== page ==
Informed trustees are less likely to contravene the provisions of the SIS Act, thereby saving them the costs associated with rectifying contraventions. This will also have the beneficial effect of improving compliance in the sector.

    The course will also satisfy the requirements of an ‘approved course’ required to be undertaken in response to an education direction and will give us immediate visibility of trustee compliance. We hope to have the course in place by the end of the calendar year.

    Auto-subscription to SMSF News for all SMSF members

    As the regulator of SMSFs, we are continually looking for better ways to support the sector, particularly through the guidance material we provide to both SMSF trustees and professionals to understand and meet their obligations.

    I hope you are aware of one of our key guidance materials - SMSF News. It’s not a technical product; it’s the key channel through which we communicate to the SMSF sector what it needs to know.

    It recently came to my attention that SMSF News has only 35,000 subscribers, which is very low considering the size of the SMSF sector. Unlike small businesses, which are automatically subscribed to the Small Business Newsroom, subscription to SMSF News is voluntary (which is possibly the reason for the low subscription rate).

    Accordingly, to increase the reach of the product, we are going to implement an automatic process for subscribing SMSF trustees to SMSF News. This would mean:

    Members of a newly registered SMSF will be automatically subscribed when their SMSF is registered.

    Members (not already subscribed) of existing SMSFs will be subscribed retrospectively.

    The ability to unsubscribe at any time will continue.

    So, watch this space. We plan to implement in waves, with our first priority being newly registered SMSFs from January 2020. Once we have road tested, we will extend the auto-subscription process to all our SMSF population for which we have contact details. We are starting the process this month, so a warm welcome to all our new subscribers.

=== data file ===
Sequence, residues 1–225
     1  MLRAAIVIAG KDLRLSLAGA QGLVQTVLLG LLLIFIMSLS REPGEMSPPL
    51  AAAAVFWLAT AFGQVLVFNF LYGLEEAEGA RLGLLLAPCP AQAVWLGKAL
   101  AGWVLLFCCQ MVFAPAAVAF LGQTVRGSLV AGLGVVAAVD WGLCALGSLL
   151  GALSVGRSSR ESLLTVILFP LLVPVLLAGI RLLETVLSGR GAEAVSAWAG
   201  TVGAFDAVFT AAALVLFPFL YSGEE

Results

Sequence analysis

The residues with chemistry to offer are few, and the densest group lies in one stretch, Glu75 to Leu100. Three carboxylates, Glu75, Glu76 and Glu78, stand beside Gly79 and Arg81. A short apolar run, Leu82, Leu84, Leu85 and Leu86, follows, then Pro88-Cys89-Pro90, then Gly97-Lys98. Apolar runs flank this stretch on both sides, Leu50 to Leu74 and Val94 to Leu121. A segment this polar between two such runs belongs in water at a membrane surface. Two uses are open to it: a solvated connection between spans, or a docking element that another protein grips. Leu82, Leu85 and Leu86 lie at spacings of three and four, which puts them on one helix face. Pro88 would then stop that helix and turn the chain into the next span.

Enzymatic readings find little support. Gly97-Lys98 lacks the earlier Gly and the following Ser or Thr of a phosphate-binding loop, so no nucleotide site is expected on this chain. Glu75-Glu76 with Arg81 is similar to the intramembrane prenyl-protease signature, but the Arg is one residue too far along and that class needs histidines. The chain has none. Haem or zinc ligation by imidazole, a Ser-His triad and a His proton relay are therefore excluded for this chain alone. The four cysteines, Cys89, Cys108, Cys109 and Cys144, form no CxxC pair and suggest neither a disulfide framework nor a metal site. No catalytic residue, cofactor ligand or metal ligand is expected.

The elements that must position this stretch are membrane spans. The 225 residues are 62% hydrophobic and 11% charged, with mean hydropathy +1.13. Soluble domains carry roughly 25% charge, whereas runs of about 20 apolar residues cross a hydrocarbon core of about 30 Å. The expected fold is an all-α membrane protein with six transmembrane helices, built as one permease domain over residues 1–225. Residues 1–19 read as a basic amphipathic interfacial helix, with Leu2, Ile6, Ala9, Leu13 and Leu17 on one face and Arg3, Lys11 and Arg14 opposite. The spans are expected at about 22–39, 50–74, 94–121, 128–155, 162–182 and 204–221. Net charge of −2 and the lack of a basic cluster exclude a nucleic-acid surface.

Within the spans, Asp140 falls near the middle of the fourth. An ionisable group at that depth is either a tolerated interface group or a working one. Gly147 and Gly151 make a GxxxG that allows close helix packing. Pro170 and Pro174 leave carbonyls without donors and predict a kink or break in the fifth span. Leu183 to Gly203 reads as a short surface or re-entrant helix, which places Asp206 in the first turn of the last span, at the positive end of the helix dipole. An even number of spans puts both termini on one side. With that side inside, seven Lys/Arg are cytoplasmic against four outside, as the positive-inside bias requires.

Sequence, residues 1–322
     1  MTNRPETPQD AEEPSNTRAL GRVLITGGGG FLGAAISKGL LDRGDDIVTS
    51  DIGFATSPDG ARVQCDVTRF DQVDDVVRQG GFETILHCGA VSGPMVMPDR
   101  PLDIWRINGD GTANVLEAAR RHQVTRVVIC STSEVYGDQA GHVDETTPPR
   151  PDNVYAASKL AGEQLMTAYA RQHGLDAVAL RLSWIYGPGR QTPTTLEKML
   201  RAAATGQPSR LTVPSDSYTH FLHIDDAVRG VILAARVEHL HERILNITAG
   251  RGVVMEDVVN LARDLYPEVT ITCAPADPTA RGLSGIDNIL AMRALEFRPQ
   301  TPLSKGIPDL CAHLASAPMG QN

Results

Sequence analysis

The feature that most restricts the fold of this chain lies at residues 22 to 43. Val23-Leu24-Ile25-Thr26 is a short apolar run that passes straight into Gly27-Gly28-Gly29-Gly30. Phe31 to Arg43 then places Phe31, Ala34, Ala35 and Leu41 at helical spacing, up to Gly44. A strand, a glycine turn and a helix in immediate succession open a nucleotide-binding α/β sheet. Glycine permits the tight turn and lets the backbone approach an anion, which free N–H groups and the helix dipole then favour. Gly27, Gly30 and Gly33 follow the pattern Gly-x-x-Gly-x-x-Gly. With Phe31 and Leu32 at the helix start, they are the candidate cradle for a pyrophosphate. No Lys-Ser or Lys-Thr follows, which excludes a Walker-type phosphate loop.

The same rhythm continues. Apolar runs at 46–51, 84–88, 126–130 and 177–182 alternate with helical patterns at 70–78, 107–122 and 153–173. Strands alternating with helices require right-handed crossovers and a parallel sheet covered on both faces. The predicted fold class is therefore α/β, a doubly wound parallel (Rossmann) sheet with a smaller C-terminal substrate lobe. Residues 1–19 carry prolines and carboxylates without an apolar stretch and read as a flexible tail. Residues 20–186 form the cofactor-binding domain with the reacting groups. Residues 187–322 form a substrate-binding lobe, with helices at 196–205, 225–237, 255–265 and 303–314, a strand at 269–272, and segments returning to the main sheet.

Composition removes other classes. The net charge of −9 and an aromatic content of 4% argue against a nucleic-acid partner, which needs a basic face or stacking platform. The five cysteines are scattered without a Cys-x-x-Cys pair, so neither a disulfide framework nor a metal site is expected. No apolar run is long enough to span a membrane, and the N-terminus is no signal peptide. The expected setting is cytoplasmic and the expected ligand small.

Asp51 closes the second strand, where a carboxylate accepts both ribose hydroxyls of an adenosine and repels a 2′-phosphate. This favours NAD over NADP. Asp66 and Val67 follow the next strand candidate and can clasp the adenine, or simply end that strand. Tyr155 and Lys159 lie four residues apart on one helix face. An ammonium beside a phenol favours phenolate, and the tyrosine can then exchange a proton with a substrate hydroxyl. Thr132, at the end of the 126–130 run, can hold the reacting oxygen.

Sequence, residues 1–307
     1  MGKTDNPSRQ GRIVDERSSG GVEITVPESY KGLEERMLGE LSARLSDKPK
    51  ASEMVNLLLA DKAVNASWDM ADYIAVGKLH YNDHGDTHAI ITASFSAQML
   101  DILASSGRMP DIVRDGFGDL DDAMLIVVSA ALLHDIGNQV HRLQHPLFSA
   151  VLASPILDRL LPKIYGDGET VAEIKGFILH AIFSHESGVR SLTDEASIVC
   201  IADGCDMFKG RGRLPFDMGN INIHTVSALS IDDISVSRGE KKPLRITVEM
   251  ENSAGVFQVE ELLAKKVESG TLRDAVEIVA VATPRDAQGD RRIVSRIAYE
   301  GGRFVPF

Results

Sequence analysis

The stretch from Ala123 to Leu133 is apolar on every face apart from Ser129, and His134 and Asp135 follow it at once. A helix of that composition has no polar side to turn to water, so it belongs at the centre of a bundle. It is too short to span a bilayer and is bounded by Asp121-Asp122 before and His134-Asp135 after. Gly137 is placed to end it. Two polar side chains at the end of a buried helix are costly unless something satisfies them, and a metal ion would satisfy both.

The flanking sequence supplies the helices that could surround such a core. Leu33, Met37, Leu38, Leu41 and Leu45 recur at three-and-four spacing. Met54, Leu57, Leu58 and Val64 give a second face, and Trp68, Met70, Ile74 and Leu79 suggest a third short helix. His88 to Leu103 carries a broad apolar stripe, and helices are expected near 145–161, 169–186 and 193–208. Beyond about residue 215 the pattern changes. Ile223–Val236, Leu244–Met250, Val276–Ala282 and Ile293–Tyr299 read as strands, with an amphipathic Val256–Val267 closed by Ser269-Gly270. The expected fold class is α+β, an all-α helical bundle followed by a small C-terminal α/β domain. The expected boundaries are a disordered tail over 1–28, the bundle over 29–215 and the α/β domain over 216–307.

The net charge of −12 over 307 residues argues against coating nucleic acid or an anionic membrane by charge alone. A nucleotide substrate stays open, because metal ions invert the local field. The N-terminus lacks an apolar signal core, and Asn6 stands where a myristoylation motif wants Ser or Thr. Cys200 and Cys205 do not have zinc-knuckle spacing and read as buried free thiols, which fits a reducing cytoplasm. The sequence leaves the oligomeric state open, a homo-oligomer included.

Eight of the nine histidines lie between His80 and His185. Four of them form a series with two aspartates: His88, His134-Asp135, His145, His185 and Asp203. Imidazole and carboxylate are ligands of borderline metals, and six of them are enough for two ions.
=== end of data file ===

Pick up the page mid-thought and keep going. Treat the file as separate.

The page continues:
Regulator’s Bulletin

    In 2018 we released our first Regulator’s Bulletin. I am pleased to announce that we’ll be releasing another Regulator’s Bulletin this year.

    This bulletin will be on SMSF property development, outlining the areas where we see common mistakes and the potential tax and regulatory consequences of these mistakes.

    I am hoping the bulletin will be released mid-March. I would like to thank all those organisations that participated in the targeted consultation process and provided valuable feedback to make this issue of the bulletin as useful as possible to the sector.

    S.166 Administrative Penalty PSLA

    As already mentioned, our other key guidance product will be the release of the Section 166 Administrative Penalty Practice Statement which we also plan to publish this March.


    Lastly, I would like to finish by highlighting some important information in relation to the devastating bushfires our country has experienced and some of the ways we are assisting affected SMSFs and their members.

    As at January 2020, there were 75,013 SMSFs within a bushfire-affected postcode.

    If you have been impacted by bushfires, we don't want you to be concerned about your tax affairs. Now is the time to focus on you, your family and community. We'll help you sort out your tax affairs later.

    If you or your SMSF’s business or residential address is in one of the identified impacted postcodes, we have automatically applied deferrals for activity statements, annual return lodgments and associated payments to 28 May 2020. You (or your agent) don’t need to apply for this deferral.

    We can also provide you with other information and assistance relating to your tax affairs:

    • give you extra time to pay your debt or lodge tax forms such as activity statements
    • help you find your lost tax file number (TFN) by using methods to verify your identity such as date of birth, address and bank account details
    • re-issue income tax returns, activity statements and notices of assessment and help you reconstruct tax records that are lost or damaged
    • fast track any refunds owed
    • set up a payment plan tailored to your circumstances, including an interest-free period
    • remit penalties or interest charged during the time you’ve been affected.

    See our Bushfires 2019–20 page for more information, including details of impacted postcodes.

    If you have been affected by this disaster and need assistance, or have been affected but are not on the postcode list, call our Emergency Support Infoline on 1800 806 218.

    The lodgment deferral to 28 May 2020 flows through to the due date for SMSFs with an annual obligation to lodge their TBARs.